RADIOLOGY NEWS
CT reveals cardioembolic stroke that echo misses
May 1, 2015 -- Echocardiography may be the de facto gold standard for cardiac evaluation of patients suspected of having cardioembolic stroke, but it isn't necessarily the best modality. A new study from Saudi Arabia used CT to discover several thrombi that echo had missed, along with other conditions.
No need for CT: Contrast US can follow up solid-organ injuries
April 30, 2015 -- Contrast-enhanced ultrasound (CEUS) can be used in favor of CT for following up solid-organ injuries in children and young adults, avoiding unnecessary radiation exposure in this vulnerable population, according to researchers from King's College Hospital in the U.K. who reported their findings from a large retrospective study.
No cost difference between CTC, colonoscopy in elderly
April 30, 2015 -- A new analysis of Medicare data has found that after adjusting for patient demographic factors, costs are pretty much the same in the year following an initial screening exam for colorectal cancer, regardless of whether CT colonography (CTC) or optical colonoscopy is used, according to a report in Academic Radiology.
Safety-net hospital lifts the lid on child abuse
April 29, 2015 -- Fresh data about suspected cases of abuse show that about a quarter of children evaluated at an inner city hospital by means of a skeletal survey with radiography were found to be the victims of abuse. Furthermore, of the abused children, around 39% had skeletal trauma and 61% did not.
Should women over 75 be screened for breast cancer?
April 29, 2015 -- New guidelines proposed last week on mammography screening claim that evidence is insufficient to recommend screening for women 75 and older. But if such women are healthy and without other disease, why shouldn't screening continue? Dr. Stamatia Destounis believes it should.
fMRI finds women recover more slowly from concussions than men
April 28, 2015 -- A new study published online April 28 in Radiology indicates that women have a more difficult time recovering from concussions than men, based on brain activation patterns seen on functional MRI (fMRI) during working memory tasks. The results hint that more aggressive treatment could be warranted after head injuries in women.
Congenital heart disease detected less often in rural areas
April 28, 2015 -- Ultrasound may be doing a better job overall of diagnosing critical congenital heart disease prenatally, but that's not necessarily the case in poorer and more rural communities, according to research presented on Monday at the Pediatric Academic Societies annual meeting in San Diego.
ARRS: 6 reasons to be optimistic about radiology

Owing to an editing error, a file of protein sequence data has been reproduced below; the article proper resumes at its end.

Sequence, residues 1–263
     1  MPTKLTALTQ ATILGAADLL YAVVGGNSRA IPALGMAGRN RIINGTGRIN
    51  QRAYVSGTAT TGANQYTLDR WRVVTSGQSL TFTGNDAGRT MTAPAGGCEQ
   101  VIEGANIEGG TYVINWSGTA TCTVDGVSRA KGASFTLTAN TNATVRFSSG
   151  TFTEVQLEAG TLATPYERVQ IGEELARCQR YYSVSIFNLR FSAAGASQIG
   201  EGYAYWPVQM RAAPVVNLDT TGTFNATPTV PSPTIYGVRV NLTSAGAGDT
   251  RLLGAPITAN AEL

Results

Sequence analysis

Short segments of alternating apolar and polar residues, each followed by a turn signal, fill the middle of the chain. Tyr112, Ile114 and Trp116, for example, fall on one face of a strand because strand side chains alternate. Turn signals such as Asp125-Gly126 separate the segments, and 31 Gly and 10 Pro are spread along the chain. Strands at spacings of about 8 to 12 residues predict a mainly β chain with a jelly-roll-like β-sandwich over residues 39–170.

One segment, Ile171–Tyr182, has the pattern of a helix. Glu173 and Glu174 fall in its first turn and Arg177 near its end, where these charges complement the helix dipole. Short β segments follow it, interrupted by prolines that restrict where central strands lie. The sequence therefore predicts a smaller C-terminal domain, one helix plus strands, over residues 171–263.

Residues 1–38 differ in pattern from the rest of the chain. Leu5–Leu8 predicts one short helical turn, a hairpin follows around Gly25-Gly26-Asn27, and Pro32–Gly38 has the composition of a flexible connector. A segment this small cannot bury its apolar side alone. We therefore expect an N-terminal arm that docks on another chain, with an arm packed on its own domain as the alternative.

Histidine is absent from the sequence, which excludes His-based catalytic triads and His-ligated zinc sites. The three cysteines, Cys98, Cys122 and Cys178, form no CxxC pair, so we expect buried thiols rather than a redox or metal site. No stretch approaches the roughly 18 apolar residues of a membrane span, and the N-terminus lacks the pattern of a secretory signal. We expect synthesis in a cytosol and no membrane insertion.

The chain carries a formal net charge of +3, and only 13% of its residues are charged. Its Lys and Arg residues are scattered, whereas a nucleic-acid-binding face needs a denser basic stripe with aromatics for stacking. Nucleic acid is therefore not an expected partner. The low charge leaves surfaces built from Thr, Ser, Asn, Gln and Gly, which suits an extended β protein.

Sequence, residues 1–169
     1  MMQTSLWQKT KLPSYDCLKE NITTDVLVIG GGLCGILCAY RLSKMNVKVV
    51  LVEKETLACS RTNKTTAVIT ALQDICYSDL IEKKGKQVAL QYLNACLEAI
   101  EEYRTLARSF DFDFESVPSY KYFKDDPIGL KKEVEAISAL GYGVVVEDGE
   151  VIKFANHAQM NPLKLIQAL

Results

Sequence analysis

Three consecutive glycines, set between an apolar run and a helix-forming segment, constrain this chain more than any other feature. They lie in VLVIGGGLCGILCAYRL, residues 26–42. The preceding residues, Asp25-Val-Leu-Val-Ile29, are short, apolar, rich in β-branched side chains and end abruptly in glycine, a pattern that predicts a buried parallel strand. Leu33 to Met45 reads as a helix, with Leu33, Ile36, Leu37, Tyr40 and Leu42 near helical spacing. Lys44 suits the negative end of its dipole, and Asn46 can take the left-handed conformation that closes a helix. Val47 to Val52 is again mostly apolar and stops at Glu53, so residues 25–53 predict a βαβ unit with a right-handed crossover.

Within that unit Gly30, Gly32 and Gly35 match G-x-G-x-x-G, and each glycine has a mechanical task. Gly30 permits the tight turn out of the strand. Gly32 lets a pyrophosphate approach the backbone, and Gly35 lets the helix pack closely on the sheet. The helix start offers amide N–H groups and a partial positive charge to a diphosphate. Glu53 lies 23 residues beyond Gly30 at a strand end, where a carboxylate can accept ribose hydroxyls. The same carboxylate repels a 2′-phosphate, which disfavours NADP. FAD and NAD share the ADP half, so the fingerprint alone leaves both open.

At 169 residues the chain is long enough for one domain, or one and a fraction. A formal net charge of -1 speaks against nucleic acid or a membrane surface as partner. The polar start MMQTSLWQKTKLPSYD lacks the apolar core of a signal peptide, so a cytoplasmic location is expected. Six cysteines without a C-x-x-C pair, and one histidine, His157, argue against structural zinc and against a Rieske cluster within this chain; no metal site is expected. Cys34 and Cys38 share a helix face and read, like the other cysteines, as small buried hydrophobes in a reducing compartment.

April 27, 2015 -- Radiologists love to complain about the challenges they face, including declining reimbursements, a tight job market, and increased workload. But there are at least six good reasons to be optimistic about the specialty, according to a presentation at the American Roentgen Ray Society (ARRS) annual meeting in Toronto.
Motion-tracking MRI gives new insight into stroke risk
April 27, 2015 -- Using a novel motion-tracking MRI technique, researchers from Johns Hopkins University have uncovered new evidence that reduced function in the left atrium of the heart may be a sign of increased stroke risk in patients with or without atrial fibrillation.
Bedside ultrasound can diagnose acute shoulder dislocation
April 24, 2015 -- Patients presenting to the emergency department with acute shoulder pain typically receive an x-ray exam. However, ultrasound can provide equivalent performance -- often in less time and without the ionizing radiation -- for diagnosing shoulder dislocation, according to researchers from the University of California, Irvine.
ARRS: MR tractography touted as 'reliable' imaging biomarker
April 24, 2015 -- Diffusion-tensor MR tractography may be a reliable quantitative imaging biomarker for assessing prostate cancer treatment response to androgen deprivation and radiation therapy, according to a study presented at the American Roentgen Ray Society (ARRS) meeting in Toronto.
The PACSman at HIMSS 2015: Getting a buzz from buzzwords
April 23, 2015 -- The PACSman, aka Michael J. Cannavo, gives his take on this year's Healthcare Information and Management Systems Society (HIMSS) meeting in Chicago.
LevelCheck algorithm targets wrong-site spinal surgery
April 23, 2015 -- A new algorithm called LevelCheck -- designed to prevent wrong-site spinal surgery -- boasted near-perfect accuracy in a trial by Johns Hopkins University researchers. By matching preoperative CT scans to intraoperative radiographs, LevelCheck confirms for surgeons that they are targeting the correct vertebral level.
NEJM: PET for Hodgkin's lymphoma prevents unnecessary radiotherapy
April 23, 2015 -- A negative PET scan immediately after three cycles of chemotherapy for early-stage Hodgkin's lymphoma can identify patients with an excellent prognosis and avoid unnecessary additional radiation therapy, according to a U.K. study published on 23 April in the New England Journal of Medicine.
IHS: Hospital overcrowding spurs medical opportunities in China
April 23, 2015 -- The rapid expansion of healthcare spending in China has led to improved healthcare facilities and increased patient access. As a result, pressure on large metropolitan hospitals has intensified, and overcrowding is now increasingly common in large hospitals, according to a research brief by industry analyst Benjamin Niu of IHS.
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